Last month Apple announced that iOS users would not be allowed to be tracked by third-party apps in order to be sent targeted ads unless they agreed to be tracked. Naturally, this set off the ire of advertising dependent Facebook and the latter is preparing a major legal attack on Apple. We'll get to that later. Right now we want to tell you that Apple will launch this new privacy feature with the beta versions of the next iOS app. The public version of the app should be released this spring according to The Verge, which was told this information from Apple.
The new feature, given a moniker of App Tracking Transparency, was originally going to debut on iOS 14 when the latter was released last September. Instead, Apple decided to push the feature back to a 2021 launch. Back in December, Apple explained the reason for App Tracking Transparency by saying, "We believe that this is a simple matter of standing up for our users. Users should know when their data is being collected and shared across other apps and websites — and they should have the choice to allow that or not."
The Information says that Facebook has been preparing an antitrust lawsuit against Apple alleging that the company took advantage of the iPhone's popularity to force developers to follow the new privacy rules. The suit reportedly notes that developers are being forced to follow the App Tracking Transparency rules or lose their listings in the App Store. As it turns out, Apple's own apps don't need to follow the new rules. We should point out that this suit has yet to be filed by Facebook and there is no guarantee that it will. However, we would be remiss if we didn't point out that the social media network garnered nearly $85 billion in revenue from advertising last year.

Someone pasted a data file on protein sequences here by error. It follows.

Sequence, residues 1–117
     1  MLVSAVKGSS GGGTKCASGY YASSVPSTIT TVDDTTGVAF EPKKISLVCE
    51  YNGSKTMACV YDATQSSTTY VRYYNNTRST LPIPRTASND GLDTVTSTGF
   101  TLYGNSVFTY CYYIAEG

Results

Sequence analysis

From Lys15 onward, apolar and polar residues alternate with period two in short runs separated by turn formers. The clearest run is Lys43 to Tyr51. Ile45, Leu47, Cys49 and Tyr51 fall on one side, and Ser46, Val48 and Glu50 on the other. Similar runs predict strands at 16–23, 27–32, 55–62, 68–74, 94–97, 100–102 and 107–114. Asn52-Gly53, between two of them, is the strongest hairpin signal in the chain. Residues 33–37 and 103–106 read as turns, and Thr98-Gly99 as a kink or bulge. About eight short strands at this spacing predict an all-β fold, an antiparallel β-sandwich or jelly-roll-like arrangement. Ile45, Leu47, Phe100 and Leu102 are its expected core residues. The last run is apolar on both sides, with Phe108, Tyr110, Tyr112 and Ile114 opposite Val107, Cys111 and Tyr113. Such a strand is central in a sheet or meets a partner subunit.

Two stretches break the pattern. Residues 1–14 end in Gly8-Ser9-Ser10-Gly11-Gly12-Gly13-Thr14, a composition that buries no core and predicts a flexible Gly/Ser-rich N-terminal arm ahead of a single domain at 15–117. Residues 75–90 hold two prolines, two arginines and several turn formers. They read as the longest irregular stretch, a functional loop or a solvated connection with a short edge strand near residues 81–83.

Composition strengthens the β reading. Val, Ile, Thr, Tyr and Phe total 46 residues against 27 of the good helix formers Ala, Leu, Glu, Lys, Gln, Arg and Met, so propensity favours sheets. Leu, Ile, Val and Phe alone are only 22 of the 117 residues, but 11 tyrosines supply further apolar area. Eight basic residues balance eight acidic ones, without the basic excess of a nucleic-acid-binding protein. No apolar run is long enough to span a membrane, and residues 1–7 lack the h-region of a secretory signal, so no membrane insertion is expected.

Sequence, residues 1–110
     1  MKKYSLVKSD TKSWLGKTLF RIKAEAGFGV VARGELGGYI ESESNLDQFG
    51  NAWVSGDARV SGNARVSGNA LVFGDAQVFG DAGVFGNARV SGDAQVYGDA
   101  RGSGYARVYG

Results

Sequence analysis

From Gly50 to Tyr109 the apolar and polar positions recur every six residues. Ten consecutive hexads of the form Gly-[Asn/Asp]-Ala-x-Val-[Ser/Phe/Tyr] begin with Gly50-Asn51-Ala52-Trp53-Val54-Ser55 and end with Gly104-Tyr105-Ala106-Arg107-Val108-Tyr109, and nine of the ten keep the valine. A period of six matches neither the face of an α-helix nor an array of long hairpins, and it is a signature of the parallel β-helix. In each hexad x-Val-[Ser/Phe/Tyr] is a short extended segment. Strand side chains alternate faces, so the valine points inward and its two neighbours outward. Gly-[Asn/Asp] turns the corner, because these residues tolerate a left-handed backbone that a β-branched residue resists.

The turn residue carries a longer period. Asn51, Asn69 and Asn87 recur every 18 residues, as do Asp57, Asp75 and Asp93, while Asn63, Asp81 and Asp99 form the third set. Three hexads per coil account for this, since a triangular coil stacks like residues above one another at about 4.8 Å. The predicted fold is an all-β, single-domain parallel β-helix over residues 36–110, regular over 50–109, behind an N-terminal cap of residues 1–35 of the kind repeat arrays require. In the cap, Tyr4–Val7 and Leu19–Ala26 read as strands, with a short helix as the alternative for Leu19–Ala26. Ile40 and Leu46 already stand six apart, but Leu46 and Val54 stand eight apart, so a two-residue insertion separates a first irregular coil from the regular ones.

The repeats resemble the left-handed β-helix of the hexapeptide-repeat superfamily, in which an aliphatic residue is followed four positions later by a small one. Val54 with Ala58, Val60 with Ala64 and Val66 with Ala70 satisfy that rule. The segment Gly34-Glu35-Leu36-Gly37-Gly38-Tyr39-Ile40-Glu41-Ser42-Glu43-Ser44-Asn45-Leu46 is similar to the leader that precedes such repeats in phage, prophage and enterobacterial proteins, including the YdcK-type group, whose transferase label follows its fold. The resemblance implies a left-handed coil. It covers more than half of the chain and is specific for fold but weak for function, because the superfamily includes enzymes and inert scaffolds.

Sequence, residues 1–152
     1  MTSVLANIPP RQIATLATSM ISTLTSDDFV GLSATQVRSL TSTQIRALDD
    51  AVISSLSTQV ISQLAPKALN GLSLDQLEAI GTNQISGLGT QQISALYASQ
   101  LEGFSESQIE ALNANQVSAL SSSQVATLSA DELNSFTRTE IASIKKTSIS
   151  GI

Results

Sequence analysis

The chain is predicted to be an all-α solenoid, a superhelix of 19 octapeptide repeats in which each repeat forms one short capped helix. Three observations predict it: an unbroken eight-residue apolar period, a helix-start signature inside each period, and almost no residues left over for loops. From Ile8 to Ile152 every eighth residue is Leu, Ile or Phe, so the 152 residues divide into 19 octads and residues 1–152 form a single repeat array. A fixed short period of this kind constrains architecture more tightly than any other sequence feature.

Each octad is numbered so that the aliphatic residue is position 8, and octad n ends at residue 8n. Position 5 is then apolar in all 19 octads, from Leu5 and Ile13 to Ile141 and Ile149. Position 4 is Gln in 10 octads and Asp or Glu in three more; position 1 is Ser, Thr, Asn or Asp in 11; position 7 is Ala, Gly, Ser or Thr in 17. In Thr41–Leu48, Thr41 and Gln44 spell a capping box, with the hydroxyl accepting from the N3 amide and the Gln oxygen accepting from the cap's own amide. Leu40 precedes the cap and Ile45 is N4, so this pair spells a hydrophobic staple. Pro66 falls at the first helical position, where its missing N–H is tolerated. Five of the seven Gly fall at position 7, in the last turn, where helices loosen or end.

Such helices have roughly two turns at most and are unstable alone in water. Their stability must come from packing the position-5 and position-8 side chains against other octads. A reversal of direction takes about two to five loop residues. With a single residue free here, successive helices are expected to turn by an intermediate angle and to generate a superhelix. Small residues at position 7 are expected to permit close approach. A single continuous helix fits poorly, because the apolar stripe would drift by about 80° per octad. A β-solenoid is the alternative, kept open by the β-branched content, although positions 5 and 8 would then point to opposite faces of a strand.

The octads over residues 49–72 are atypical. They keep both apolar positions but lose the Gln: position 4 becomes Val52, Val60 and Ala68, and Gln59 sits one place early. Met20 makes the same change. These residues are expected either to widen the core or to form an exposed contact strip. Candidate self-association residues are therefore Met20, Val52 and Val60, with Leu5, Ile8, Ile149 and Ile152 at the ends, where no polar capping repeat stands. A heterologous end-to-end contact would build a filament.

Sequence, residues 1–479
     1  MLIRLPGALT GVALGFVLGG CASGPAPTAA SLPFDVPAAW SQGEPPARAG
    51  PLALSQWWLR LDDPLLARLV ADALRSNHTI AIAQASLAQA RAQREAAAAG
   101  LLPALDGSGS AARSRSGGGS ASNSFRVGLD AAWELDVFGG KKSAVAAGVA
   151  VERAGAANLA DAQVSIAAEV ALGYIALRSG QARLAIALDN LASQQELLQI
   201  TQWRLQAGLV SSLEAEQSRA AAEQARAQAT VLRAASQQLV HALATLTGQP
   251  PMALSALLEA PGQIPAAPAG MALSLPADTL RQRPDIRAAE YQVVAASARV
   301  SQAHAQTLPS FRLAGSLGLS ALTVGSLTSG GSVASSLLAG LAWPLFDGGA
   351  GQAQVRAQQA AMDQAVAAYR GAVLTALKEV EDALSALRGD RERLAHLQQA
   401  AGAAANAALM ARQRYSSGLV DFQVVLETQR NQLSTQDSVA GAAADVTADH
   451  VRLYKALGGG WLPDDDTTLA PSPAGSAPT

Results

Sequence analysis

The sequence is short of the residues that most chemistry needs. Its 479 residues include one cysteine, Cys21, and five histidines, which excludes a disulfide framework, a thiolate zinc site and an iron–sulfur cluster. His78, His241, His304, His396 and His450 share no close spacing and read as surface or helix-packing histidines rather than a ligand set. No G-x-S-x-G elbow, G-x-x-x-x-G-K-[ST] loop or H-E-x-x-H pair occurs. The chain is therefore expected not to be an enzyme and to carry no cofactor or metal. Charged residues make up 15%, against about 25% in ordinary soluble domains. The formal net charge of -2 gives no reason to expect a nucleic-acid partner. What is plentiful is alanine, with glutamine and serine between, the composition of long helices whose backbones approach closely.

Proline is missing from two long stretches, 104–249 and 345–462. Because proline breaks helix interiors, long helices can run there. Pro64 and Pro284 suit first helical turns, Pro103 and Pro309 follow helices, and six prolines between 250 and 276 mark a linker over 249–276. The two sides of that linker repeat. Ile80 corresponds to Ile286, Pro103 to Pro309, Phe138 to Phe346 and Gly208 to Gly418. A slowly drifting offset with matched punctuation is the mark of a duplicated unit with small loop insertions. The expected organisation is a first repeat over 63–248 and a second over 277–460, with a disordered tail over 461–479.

Even with Apple's App Tracking Transparency system, users can still be tracked using other information even if they don't opt-in to allow tracking. But this information cannot be shared with others. Apple is also making sure that developers can't punish those who won't opt-in to tracking by making sure that those who say "no" don't lose some of the functionality of their apps. Developers also cannot try to bribe users to opt-in by handing out perks or giveaways.
Yesterday, during Facebook's fourth quarter conference call, CEO Mark Zuckerberg said, "Apple has every incentive to use their dominant platform position to interfere with how our apps and other apps work, which they regularly do to preference their own. This impacts the growth of millions of businesses around the world, including with the upcoming iOS 14 changes. Apple may say they’re doing this to help people but the moves clearly track their competitor interests."